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Category: Statistics

Finding Row Counts in SQL Server

Kevin Wilkie breaks out the abacus:

Today, I was working with SQL Server to get row counts from several tables so I thought I’d be smart and work with some functions in SQL Server to make it smarter / easier.

Now, if I am truly only getting “straight” row counts from these tables, I would be able to create a query like the below that would provide the answers with no problem:

Read on for the normal approach, as well as a more complicated approach made necessary due to some business logic requirements.

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Finding Duplicate Statistics in SQL Server

Jose Manuel Jurado Diaz searches for clones:

Some time ago, we encountered a support case where a customer experienced significant delays in updating auto-created and user-created statistics. I would like to share the insights gained from this experience, including the underlying causes of the issue and the potential solutions we identified and implemented to address the problem effectively.

Read on for a demo to set up the scenario and the cause of the problem, as well as how to fix it.

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The Risk of Query Failure on Readable Secondaries in SQL Server

Kendra Little explains a problem:

If you use readable secondaries in Availability Groups or Read-Scale out instances in Azure SQL Managed Instance, you may have queries fail repeatedly if there is a glitch and statistics are not successfully “refreshed” on the secondary replica. Those queries may keep failing until you manually intervene.

This has been the case for a few years, and it’s unclear if Microsoft will fix this. There is a well established support deflection article which documents the issue and provides ‘workarounds’.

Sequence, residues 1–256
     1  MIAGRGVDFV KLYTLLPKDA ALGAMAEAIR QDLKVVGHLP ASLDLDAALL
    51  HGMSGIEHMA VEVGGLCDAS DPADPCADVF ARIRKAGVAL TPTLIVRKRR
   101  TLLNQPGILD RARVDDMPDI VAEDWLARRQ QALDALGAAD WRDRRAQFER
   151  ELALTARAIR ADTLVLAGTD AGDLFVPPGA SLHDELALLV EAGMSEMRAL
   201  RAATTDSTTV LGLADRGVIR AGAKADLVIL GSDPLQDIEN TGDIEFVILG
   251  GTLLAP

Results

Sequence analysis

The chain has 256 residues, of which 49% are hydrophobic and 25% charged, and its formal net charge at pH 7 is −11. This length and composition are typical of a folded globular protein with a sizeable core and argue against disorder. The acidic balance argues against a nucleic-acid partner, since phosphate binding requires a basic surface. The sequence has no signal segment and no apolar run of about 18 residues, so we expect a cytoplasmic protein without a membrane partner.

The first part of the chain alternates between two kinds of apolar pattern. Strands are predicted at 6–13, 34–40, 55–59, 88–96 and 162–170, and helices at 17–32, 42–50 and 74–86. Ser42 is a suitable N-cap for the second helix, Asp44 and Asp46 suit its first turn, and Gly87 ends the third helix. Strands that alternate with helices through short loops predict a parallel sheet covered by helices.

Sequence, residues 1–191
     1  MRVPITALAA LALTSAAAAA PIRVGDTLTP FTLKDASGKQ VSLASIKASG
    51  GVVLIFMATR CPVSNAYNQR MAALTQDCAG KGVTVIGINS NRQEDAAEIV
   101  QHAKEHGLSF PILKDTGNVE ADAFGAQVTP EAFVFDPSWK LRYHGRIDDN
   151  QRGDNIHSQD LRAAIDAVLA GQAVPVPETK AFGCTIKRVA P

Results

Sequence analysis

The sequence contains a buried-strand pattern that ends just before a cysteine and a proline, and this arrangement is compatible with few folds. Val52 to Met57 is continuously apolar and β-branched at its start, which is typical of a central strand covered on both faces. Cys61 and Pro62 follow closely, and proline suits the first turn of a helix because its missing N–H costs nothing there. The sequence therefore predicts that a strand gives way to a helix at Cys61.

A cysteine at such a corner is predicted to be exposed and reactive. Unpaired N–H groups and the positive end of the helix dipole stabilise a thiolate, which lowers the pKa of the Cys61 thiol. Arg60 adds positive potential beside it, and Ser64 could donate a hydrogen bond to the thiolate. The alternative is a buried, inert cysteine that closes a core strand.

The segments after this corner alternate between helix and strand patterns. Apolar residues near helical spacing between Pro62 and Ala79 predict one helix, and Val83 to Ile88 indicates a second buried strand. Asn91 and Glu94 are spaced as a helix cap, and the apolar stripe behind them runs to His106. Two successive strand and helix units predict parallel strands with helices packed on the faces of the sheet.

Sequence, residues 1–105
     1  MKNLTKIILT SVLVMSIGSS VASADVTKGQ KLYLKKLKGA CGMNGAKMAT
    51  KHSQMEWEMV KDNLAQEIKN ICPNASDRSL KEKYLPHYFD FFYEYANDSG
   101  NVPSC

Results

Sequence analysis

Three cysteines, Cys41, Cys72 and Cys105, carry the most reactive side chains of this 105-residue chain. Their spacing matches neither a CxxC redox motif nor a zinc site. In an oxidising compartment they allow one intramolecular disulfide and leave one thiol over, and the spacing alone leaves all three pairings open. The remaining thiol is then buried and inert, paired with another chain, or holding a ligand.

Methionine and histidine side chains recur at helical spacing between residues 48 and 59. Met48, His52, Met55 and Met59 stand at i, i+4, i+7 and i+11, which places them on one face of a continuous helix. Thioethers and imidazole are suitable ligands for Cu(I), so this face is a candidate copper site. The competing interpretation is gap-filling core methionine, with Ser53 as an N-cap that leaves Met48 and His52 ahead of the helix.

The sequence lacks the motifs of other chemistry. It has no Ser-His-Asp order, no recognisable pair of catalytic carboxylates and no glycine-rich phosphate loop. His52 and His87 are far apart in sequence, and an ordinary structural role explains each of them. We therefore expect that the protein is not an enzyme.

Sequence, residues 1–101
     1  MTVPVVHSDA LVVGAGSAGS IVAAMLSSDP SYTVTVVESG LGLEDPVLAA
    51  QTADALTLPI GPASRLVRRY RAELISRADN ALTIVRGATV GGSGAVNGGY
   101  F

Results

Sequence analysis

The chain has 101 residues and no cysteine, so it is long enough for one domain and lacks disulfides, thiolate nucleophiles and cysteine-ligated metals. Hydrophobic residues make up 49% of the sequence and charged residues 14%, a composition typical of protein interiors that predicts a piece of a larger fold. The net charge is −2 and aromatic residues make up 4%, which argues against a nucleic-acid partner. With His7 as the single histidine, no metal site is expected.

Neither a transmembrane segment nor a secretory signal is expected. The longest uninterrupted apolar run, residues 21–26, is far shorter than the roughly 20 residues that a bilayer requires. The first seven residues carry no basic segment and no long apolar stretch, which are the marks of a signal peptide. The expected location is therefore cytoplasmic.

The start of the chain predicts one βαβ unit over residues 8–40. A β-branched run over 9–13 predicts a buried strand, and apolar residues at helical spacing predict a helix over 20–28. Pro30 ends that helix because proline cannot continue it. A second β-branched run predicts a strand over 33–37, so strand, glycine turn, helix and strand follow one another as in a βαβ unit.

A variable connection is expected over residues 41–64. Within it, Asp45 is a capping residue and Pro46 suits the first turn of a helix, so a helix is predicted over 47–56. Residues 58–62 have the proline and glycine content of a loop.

Read on for Kendra’s thoughts. I haven’t run into this before, myself, but I also don’t tend to make very heavy use of readable secondaries.

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Metadata-Based Counting and Filtered Indexes

Aaron Bertrand counts more efficiently:

That’s great when you want to count the whole table without size-of-entire-table reads. It gets more complicated if you need to retrieve the count of rows that meet – or don’t meet – some criteria. Sometimes an index can help, but not always, depending on how complex the criteria might be.

For me, counting more efficiently typically means I take off my shoes.

One other note is, if you just need a guesstimate, or if the cardinality of that column you’re splitting by is fairly low, you could also look at the histogram, especially if there’s a statistic on the column (or columns) you’re interested in. It’s rare that I think to go that way, but it is one of the tools the optimizer itself uses, so it’s fair game.

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Statistics and Ascending Keys in SQL Server

Matthew McGiffen talks stats:

The Ascending Key Problem relates to the most recently inserted data in your table which is therefore also the data that may not have been sampled and included in the statistics histograms. This sort of issue is one of the reasons it can be critical to update your statistics more regularly than the built-in automatic thresholds.

We’ll look at the problem itself, but also some of the mitigations that you can take to deal with it within SQL Server.